My in my current position at RIT Career Services and Cooperative Education I am involved with the Co-op Evaluation System Enhancements Project. In this project we are working with the RIT ITS Project Development to improve the functionality and processes within the evaluation system. We currently have employed a software engineering as a co-op for the semester to work on these improvements. Since this was a multiple office collaboration it was important to establish effective communication tools to ensure any member of the team would be able to view the progress of the project at any given time.
The team first took the time to learn agile project management skills. Through agile project management large pieces of a project are broken into small pieces, or sprints. Breaking projects into sprints was the best way to implement changes more frequently than in projects past.
In order to communicate effectively our team utilized the web application Trello. The career services team created “cards” with different requests formatting statements in a specific format to help the development team identify which part of the system and what users are affected by this request. Statements were formatted “As a [ROLE], I need [BLANK] to be able to [BLANK]”. Formatting statements in this way enabled our team to communicate exactly what we needed the team to enhance.
Utilizing trello and agile project management has increased productivity as well as the communication within our development team. I am truly converted to using agile project management and trello when enhancing an existing system.
Currently the requirements for a student to receive credit for co-op are to report the position to the RIT Career Services Office, register for the Co-op course within their major on SIS, complete a student work report, and receive an employer evaluation. A few of the required engineering programs have the student’s meet with their advisors in to review the student work report and employer evaluation to receive a passing grade.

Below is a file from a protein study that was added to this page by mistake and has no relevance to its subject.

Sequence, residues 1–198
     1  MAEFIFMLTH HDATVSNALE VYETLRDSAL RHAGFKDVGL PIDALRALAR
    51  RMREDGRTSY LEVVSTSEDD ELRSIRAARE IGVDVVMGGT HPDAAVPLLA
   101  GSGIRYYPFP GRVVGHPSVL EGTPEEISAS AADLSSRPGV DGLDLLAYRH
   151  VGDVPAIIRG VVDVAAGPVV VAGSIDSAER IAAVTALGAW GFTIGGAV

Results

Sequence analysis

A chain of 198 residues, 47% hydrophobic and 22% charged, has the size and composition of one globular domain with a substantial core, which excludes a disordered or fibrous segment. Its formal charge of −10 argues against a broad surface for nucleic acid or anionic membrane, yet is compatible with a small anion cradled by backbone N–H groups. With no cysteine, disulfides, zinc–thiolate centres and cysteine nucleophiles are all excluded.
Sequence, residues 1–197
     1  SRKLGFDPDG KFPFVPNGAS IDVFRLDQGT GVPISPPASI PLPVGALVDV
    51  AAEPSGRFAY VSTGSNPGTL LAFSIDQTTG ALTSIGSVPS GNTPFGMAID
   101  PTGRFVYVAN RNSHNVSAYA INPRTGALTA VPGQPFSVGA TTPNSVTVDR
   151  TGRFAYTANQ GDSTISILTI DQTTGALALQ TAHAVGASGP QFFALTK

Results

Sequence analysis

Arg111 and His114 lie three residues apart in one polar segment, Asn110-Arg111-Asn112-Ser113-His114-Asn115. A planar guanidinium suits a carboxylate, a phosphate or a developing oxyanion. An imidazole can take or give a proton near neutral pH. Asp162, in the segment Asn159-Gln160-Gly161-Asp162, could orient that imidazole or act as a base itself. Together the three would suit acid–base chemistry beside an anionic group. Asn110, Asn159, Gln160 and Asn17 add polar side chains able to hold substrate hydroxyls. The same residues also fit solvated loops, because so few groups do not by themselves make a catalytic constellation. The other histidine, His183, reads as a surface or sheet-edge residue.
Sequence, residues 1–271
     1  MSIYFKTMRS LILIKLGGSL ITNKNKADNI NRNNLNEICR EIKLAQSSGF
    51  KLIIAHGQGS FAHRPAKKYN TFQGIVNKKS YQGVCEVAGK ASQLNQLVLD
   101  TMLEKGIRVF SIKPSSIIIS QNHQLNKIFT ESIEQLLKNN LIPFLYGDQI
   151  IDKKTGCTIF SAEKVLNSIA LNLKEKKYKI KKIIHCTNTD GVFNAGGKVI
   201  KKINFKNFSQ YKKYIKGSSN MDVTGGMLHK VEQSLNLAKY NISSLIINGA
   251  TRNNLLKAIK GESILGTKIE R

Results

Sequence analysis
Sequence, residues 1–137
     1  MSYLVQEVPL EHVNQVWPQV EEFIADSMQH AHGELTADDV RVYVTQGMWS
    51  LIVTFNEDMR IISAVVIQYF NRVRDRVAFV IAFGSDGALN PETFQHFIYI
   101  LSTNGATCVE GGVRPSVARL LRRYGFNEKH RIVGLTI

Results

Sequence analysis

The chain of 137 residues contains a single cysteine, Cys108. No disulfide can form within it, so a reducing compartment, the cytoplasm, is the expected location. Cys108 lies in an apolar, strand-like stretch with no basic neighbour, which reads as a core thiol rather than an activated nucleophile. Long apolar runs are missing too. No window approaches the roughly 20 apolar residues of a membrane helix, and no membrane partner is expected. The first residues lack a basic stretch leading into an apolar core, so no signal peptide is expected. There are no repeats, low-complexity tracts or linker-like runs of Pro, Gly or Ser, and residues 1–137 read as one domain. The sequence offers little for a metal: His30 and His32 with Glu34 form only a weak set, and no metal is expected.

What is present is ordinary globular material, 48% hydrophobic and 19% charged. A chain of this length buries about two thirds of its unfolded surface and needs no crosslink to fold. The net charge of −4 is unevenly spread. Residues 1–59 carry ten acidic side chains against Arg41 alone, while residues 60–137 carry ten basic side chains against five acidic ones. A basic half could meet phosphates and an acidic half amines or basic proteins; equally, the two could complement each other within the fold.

Throughout the past year managing the evaluation reporting and evaluation system, I have noticed there are many students who have not completed a portion of the co-op requirements for credit and are in their last weeks of school chasing their previous employers to receive evaluation forms. In order to ensure all students are reporting and receiving credit for their co-op, i would improve and standardize the process to receive credit for a co-op/experiential learning position. The following steps are suggested in order to improve the process. There is currently no standard process in place.
- Student receives and accepts co-op offer from employer
- Student reports co-op information by completing form via www.rit.edu/reportco-op
- If the contact exists already in the database the record will automatically match that record and “Verify” the co-op.
- If the contact does not exist each record is reviewed for legitimacy and accuracy. If the address if verified through a Maps search and supervisor is emailed and verified by the career service office, the contact is added to the database, the record is matched and verified.